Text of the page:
Geochemical Narrowing Of Cement Fracture Aperture During Multiphase Flow Of Supercritical CO2 And Brine
For carbon capture and storage operations, wells are used as a necessary conduit for injecting CO2 at depth, but they can also act as leakage conduits if the cement seals are compromised. The specific objective of this research was to experimentally investigate the nature of self-healing of a fracture within cement under multiphase flow of CO2 and brine, and to compare the findings with the predictions of a recently developed model. This was accomplished by flowing a multiphase mixture of supercritical CO2 and brine through a cement fracture. The influent end of the fracture was degraded as evidenced by the formation of cracks across the surface. At the effluent end of the fracture, the initial aperture of 137 μm was reduced to 50 μm. This reduction by 87 μm compared well with an aperture reduction of 80 μm predicted by a recently developed model tested in this study. Self-healing of the fracture contributes to permeability reduction through the potential leakage pathway.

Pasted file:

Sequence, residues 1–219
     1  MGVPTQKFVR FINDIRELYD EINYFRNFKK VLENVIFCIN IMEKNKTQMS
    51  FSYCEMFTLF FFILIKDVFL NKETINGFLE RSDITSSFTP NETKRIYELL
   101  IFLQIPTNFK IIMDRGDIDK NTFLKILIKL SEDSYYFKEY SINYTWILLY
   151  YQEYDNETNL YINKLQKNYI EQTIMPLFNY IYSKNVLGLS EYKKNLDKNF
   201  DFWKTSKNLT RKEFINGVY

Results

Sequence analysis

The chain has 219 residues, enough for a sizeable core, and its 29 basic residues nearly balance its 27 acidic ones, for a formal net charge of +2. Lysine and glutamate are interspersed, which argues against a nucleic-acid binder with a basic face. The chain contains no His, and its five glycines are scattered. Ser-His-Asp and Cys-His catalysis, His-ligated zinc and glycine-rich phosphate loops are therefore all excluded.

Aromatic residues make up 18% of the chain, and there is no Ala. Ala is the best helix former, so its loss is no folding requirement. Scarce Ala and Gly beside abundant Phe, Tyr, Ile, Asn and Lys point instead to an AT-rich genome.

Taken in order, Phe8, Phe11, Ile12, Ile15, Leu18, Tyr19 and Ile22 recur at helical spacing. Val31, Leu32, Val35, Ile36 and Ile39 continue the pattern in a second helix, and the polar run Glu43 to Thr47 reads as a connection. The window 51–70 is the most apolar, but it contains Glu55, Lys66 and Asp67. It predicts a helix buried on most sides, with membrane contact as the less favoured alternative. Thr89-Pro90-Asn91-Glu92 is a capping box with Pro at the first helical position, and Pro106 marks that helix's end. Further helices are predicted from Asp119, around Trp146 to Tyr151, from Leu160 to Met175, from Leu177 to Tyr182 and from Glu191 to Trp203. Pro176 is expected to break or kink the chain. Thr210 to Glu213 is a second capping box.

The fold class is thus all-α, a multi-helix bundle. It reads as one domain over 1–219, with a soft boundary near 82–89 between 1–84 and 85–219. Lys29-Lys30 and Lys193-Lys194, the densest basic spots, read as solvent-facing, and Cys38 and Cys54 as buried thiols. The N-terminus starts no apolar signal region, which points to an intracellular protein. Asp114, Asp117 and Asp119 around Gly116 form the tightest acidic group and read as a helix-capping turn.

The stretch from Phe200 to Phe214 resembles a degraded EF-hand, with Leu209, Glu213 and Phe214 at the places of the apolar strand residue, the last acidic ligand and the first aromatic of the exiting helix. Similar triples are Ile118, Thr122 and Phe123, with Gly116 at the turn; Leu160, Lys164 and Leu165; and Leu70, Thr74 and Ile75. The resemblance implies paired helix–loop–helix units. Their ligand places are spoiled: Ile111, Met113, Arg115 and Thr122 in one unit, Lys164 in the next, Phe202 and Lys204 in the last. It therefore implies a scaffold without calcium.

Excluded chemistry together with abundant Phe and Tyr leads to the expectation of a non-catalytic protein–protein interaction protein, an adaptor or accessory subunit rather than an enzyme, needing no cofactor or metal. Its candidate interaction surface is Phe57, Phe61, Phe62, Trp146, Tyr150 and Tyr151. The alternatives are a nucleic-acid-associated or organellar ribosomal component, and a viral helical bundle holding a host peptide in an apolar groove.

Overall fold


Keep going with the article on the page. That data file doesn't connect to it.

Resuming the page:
K. A. Rod et al., "Geochemical Narrowing Of Cement Fracture Aperture During Multiphase Flow Of Supercritical CO2 And Brine," International Journal of Greenhouse Gas Control, vol. 95, article no. 102978, Elsevier, Apr 2020.
The definitive version is available at https://doi.org/10.1016/j.ijggc.2020.102978
Materials Science and Engineering
Keywords and Phrases
Brine; Fracture; Multiphase-flow; Supercritical-CO 2; Wellbore cement
International Standard Serial Number (ISSN)
Article - Journal
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01 Apr 2020